Gates, Ballmer seek re-election to Microsoft board

SEATTLE Thu Oct 3, 2013 7:37pm EDT

Microsoft Chairman Bill Gates and CEO Steve Ballmer take questions from shareholders during the Microsoft annual shareholders meeting in Bellevue, Washington, November 19, 2008. REUTERS/Marcus R. Donner

Microsoft Chairman Bill Gates and CEO Steve Ballmer take questions from shareholders during the Microsoft annual shareholders meeting in Bellevue, Washington, November 19, 2008.

Credit: Reuters/Marcus R. Donner

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SEATTLE (Reuters) - Chairman Bill Gates and retiring Chief Executive Steve Ballmer are standing for re-election to Microsoft Corp's board of directors, despite recent moves by some investors to reduce their influence, according to the software company's annual proxy filing made public on Thursday.

Ballmer and Gates, both 57, have been the target of activist investors who believe Microsoft needs new leadership to transform itself and compete with mobile-savvy rivals such as Apple Inc and Google Inc.

Ballmer announced his plan to retire within 12 months in August, but there is no sign Gates will relinquish his role or leave the board of the company he co-founded with Paul Allen 38 years ago.

This week, Reuters reported that three of Microsoft's top 20 investors have lobbied the board to press for Gates to step down, believing he stands in the way of fundamental change at the company. The company declined comment.

It is highly likely both Gates and Ballmer will be re-elected by shareholders at the annual meeting on November 19.

Microsoft has not yet named a successor to Ballmer and is in the midst of a search it said could take until next August. Ballmer is set to stay on as CEO until a successor is appointed, but Microsoft has not said whether Ballmer will remain a board director after that.

On the board or not, however, Ballmer made it clear in a meeting with Wall Street analysts last month that he plans to remain engaged as a major investor.

According to the proxy filing, Gates remains the company's largest individual shareholder, with a 4.5 percent stake, followed by Ballmer with 4 percent. Ballmer will eclipse Gates as the largest individual shareholder next spring if Gates continues to sell 20 million shares a quarter, as he has for most of the last decade.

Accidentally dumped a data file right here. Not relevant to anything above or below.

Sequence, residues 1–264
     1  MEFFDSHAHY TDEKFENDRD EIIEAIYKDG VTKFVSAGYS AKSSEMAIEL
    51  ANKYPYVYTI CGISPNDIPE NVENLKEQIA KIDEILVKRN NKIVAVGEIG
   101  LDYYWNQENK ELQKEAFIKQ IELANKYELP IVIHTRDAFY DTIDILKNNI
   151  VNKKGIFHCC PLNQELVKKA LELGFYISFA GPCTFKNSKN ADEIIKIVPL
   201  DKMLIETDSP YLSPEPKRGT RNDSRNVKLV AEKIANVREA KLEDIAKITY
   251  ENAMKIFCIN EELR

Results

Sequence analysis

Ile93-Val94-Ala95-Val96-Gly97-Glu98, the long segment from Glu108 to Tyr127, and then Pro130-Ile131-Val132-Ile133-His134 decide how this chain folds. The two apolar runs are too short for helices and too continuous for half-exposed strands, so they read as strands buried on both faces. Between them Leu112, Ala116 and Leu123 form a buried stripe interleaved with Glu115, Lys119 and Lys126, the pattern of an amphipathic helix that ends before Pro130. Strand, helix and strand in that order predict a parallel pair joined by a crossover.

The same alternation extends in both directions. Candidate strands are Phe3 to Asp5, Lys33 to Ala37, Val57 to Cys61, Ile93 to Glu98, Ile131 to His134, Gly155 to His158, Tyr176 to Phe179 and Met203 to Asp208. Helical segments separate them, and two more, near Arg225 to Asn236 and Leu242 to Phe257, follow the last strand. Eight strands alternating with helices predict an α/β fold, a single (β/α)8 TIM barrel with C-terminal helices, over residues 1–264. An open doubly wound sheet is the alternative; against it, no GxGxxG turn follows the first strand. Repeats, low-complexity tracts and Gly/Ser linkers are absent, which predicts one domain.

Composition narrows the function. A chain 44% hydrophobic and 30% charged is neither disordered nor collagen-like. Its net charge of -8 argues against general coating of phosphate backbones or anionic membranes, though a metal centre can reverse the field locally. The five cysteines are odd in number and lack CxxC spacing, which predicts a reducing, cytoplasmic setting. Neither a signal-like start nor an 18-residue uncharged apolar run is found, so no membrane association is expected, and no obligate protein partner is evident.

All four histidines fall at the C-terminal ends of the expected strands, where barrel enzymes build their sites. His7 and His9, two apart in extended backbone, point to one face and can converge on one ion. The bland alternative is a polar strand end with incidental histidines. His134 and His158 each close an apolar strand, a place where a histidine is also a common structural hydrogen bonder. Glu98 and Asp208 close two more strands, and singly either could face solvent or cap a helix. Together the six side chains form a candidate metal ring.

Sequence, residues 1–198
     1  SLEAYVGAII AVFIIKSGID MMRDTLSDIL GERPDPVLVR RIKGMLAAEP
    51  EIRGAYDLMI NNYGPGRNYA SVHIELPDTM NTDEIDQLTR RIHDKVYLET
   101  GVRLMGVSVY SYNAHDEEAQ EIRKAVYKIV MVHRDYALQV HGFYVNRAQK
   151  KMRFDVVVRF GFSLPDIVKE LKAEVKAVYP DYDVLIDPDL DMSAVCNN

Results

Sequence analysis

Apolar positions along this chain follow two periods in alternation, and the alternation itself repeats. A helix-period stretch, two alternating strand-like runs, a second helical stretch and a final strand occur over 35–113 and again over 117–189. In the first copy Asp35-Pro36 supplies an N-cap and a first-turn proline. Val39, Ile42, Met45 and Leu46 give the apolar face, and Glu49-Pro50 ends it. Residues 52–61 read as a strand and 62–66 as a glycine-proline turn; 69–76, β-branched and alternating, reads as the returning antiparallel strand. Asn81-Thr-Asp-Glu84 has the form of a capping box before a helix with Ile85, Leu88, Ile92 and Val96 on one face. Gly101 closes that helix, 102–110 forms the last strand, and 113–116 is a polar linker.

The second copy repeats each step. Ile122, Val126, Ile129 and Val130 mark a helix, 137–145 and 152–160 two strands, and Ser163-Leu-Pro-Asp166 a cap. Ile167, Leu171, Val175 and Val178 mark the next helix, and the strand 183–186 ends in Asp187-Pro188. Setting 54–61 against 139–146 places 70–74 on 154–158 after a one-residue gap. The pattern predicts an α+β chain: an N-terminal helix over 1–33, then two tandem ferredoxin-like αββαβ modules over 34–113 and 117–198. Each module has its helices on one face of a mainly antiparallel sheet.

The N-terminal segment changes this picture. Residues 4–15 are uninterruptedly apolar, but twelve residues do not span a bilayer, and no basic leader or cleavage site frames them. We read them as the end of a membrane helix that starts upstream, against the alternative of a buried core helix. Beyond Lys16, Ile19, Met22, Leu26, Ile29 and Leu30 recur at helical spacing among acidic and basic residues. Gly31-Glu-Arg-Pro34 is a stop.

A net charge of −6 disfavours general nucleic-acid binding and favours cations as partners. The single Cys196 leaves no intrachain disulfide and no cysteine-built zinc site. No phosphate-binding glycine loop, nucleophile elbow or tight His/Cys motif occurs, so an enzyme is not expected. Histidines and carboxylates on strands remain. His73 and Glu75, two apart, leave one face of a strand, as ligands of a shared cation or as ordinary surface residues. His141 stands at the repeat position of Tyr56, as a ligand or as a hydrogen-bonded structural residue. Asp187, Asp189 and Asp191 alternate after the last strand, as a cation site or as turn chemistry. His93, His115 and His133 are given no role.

The filing made no mention of Mason Morfit, president of activist shareholder ValueAct Capital Management, who was offered a board seat by Microsoft in August.

Morfit is expected to take up that offer and will likely be appointed to the board after Microsoft's annual shareholder meeting, people familiar with the matter said.

Ballmer, who faced years of investor criticism during his 13-year tenure, received a smaller bonus for fiscal0 2013, his last full year as CEO.

He received a $550,000 bonus, on top of his $697,500 salary, which was 79 percent of what Microsoft called his "target" bonus and 11 percent less than his $620,000 bonus the year before.

The board's evaluation of Ballmer recognized the company's record $78 billion revenue last fiscal year, but faulted Ballmer for the decline in profit from its Windows unit and the poor reception of Microsoft's Surface RT tablet, which resulted in a $900 million charge for unsold inventory.

(Reporting by Bill Rigby; Editing by Cynthia Osterman and Andre Grenon)

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Comments (3)
tjordanchat wrote:
Microsoft will not change as long as Gates is in charge. Blame it on hubris.

Oct 04, 2013 6:33am EDT  --  Report as abuse
tatrover wrote:
#tjordanchat Gates is the founder of Microsoft. Thoses seeking change should either go and start their own company and build it up, sell up their shares, or tow the line. Noone will want anyone else to come and tell them what to do in their home. Gates is no different

Oct 04, 2013 9:24am EDT  --  Report as abuse
kbill wrote:
Corporations, including Microsoft and Apple, are mortal; they are organic; they have an inception, a conception, a developmental time, a youthful time of young-adult energy and risk, and a middle-age in which they get fat around the middle and lose focus on their “youthful” ideals in a culture which accepts less than perfect results from a “team” which has lost intra-team competitiveness.

The dying corporation “cruises” for a while, enjoying the largesse of the prior successes…and then it becomes a fixture in the industry which it used to lead and dominate…a commodity supplier, such as IBM, Texas Instruments, and H-P, old and stodgy and susceptible to their environment’s threats.

Changing the “faces” of leadership will not change the inevitable future of Microsoft or any other corporation…the change may delay a death, but it won’t restore long-term vibrancy to the corporation’s life — though it may delay a complete death in the short term.

Under acceptable (or “excellent”) leadership and management Microsoft will continue to grow through technology acquisition, relying less and less on its own in-house technological prowess, living off its aging herd of “cash cows” for example Internet Explorer, and the occasional splashy break-through acquisition…a brief reminder to the world that “We’re still here!” Gates will go off to save the world from itself…using his billions trying to rid the world of the self-imposed results of its own self-loathing, human superstition and belief’s, and Balmer will do whatever a Balmer does…few meteoric leaders possess the grace, and the good fortune of dying an early death, at the top of their game, before the well-deserved criticism of “middle age” come home to roost…Jobs was lucky…he left after Apple’s Act II.

Oct 04, 2013 2:37pm EDT  --  Report as abuse
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